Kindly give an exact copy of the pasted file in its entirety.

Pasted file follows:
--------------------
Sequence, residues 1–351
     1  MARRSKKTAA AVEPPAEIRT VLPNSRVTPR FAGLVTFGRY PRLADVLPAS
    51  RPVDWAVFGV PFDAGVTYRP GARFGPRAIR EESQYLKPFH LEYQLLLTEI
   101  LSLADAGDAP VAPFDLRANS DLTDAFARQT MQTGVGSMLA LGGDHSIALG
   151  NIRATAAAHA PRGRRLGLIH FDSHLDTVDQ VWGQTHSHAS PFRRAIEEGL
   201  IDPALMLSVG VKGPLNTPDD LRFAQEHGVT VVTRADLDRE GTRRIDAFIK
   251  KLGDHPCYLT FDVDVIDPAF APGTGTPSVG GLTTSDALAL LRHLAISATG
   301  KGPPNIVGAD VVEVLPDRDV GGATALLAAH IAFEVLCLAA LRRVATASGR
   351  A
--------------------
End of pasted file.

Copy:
Sequence, residues 1–351
     1  MARRSKKTAA AVEPPAEIRT VLPNSRVTPR FAGLVTFGRY PRLADVLPAS
    51  RPVDWAVFGV PFDAGVTYRP GARFGPRAIR EESQYLKPFH LEYQLLLTEI
   101  LSLADAGDAP VAPFDLRANS DLTDAFARQT MQTGVGSMLA LGGDHSIALG
   151  NIRATAAAHA PRGRRLGLIH FDSHLDTVDQ VWGQTHSHAS PFRRAIEEGL
   201  IDPALMLSVG VKGPLNTPDD LRFAQEHGVT VVTRADLDRE GTRRIDAFIK
   251  KLGDHPCYLT FDVDVIDPAF APGTGTPSVG GLTTSDALAL LRHLAISATG
   301  KGPPNIVGAD VVEVLPDRDV GGATALLAAH IAFEVLCLAA LRRVATASGR
   351  A